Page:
Mikki Taylor: The Exit Interview

Essence’s fashion and beauty editor steps out on her own after 30 years.

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GABRIEL BOUYS/AFP/Getty Images

 

 

Essence magazine's beauty editor Mikki Taylor has announced her retirement after 30 years with the magazine. She gave this interview to The Root.

The Root: How did you come to work at Essence magazine?

 

 

Mikki Taylor: Well, I first visited Essence as a student in 1971. It was founded in May 1970, and the headquarters was in a brownstone on West 31st Street in New York. I wanted to see this place--this new magazine that was all about women like me. I met Susan Taylor [then-beauty editor], and I was in awe of her. When I finally went to work at Essence in 1980, I was still in awe, and Sue would tell me to "get rid of the nervousness"--and get focused.

We had a small staff, and I worked on the fashion and beauty team. My title was "home sewing and accessories editor." At that time, black women in the fashion world who could not command the same compensation kept up with our white women peers because we made our [own] clothes. I mastered my craft, but I also poked my head into all things beauty. Susan became editor-in-chief in 1981. June 1981 was my first Essence cover, and I believe it was with then-black supermodel Wanakee Pugh.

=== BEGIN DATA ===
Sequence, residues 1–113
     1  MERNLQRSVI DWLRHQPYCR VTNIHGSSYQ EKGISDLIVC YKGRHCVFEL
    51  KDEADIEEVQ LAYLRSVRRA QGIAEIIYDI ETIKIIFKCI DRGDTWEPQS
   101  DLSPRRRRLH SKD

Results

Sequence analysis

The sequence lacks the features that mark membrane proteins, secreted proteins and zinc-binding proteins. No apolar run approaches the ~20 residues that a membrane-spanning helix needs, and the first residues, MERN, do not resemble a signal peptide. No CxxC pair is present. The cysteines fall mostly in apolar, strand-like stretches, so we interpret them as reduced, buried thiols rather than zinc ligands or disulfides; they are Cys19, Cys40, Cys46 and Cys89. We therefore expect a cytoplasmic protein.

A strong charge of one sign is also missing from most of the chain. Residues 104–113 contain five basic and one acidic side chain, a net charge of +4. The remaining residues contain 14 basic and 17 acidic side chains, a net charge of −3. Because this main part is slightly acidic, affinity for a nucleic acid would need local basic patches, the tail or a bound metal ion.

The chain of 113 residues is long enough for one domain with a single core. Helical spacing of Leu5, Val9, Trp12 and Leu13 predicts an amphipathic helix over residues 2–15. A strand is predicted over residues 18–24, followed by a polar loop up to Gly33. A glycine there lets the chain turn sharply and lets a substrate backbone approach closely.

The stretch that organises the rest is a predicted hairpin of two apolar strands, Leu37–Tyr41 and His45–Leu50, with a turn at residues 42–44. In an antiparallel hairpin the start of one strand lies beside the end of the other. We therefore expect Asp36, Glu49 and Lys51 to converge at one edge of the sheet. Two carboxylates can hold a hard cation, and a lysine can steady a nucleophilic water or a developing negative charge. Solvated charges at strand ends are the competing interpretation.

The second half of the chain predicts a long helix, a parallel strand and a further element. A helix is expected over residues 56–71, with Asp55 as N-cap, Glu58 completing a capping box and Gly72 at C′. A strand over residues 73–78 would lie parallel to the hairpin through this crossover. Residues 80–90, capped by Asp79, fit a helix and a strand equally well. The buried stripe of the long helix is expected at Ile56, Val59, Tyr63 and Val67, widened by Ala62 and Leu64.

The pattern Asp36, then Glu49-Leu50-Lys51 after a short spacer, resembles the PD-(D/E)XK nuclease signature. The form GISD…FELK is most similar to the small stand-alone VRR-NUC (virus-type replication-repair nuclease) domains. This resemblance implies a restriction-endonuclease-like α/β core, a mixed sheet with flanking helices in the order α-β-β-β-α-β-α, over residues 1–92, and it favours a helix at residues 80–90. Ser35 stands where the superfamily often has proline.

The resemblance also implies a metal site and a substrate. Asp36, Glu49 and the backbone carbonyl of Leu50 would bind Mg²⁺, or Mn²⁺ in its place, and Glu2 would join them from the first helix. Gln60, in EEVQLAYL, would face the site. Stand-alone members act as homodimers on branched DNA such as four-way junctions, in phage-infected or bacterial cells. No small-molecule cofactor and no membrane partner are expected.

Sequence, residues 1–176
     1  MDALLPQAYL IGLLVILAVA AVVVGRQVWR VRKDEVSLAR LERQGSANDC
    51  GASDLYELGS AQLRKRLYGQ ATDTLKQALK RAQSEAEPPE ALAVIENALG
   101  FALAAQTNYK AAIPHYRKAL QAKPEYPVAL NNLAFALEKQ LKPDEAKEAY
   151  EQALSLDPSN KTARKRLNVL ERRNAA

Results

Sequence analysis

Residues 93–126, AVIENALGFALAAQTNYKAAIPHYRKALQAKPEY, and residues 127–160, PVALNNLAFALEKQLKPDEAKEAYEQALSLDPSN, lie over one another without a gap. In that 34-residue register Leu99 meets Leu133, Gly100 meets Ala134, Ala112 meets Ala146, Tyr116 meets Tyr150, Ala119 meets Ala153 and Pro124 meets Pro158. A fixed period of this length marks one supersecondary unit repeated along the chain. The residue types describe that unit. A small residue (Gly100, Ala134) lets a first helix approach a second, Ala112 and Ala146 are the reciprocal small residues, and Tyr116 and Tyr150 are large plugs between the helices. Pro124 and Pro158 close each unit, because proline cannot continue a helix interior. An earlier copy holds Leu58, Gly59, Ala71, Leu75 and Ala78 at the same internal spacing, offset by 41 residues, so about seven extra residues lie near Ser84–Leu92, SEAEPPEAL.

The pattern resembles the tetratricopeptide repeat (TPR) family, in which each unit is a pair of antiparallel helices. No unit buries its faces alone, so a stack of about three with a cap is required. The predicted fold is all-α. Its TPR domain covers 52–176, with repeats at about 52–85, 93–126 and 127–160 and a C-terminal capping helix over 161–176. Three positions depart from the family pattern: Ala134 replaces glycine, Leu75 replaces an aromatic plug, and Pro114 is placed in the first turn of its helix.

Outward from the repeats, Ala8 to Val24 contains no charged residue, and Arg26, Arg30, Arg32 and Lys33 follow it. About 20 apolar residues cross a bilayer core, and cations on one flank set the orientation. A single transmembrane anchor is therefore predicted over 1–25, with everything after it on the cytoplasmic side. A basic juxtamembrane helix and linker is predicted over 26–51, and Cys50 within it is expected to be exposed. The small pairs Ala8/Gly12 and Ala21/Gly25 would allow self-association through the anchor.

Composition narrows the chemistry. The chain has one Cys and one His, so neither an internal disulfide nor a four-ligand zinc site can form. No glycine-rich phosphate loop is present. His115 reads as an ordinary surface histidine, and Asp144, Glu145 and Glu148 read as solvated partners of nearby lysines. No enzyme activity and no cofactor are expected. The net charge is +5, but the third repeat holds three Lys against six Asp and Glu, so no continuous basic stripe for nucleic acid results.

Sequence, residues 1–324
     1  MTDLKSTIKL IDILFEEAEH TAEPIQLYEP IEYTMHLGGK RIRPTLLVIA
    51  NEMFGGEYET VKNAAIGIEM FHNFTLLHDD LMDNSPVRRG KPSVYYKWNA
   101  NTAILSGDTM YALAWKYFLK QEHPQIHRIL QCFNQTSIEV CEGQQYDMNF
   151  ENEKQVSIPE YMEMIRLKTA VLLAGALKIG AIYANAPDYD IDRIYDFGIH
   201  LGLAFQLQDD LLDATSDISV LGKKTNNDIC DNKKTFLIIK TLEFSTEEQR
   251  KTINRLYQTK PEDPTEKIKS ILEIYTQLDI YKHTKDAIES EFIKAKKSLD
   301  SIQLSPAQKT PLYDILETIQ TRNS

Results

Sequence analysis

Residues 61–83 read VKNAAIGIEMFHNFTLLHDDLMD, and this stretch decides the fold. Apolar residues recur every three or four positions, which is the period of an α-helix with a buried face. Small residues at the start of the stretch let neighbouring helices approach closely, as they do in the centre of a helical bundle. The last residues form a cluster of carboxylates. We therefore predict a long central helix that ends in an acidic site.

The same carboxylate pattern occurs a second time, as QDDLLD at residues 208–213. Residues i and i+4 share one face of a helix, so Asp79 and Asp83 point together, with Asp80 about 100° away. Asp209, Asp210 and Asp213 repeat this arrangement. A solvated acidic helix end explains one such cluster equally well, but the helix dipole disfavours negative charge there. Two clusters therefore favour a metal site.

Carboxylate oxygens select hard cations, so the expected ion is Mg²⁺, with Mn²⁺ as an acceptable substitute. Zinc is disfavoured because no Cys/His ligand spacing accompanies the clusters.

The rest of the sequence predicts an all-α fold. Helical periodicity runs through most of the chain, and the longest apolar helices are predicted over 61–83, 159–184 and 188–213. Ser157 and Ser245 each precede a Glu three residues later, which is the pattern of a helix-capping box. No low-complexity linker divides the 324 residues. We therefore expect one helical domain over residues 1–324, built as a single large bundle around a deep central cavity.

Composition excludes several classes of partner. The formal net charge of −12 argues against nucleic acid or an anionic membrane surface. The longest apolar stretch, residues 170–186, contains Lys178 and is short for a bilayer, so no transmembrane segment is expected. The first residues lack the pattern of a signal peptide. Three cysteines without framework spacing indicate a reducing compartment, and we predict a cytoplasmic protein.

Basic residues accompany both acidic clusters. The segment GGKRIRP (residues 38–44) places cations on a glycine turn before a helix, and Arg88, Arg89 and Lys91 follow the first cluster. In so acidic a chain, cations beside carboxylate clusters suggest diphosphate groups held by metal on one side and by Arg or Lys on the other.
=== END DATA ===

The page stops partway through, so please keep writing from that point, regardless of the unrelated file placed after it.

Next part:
TR: What were your favorite covers at Essence over the 30 years?

MT: There are two: One was in May 2000 in which we assembled eight of Hollywood's most amazing actresses. And the second was in the Obamas' home in the summer of 2008, very similar to the photo of JFK and his family in 1962. We, as a people, hunger for images of ourselves--there is no other culture that has such a lack of positive images as we do--so an Essence cover is key. In the '60s and '70s, black people sat for portraits. In the '80s and '90s, we let that slip away. We need to capture ourselves [and] that is why we captured the Obamas.

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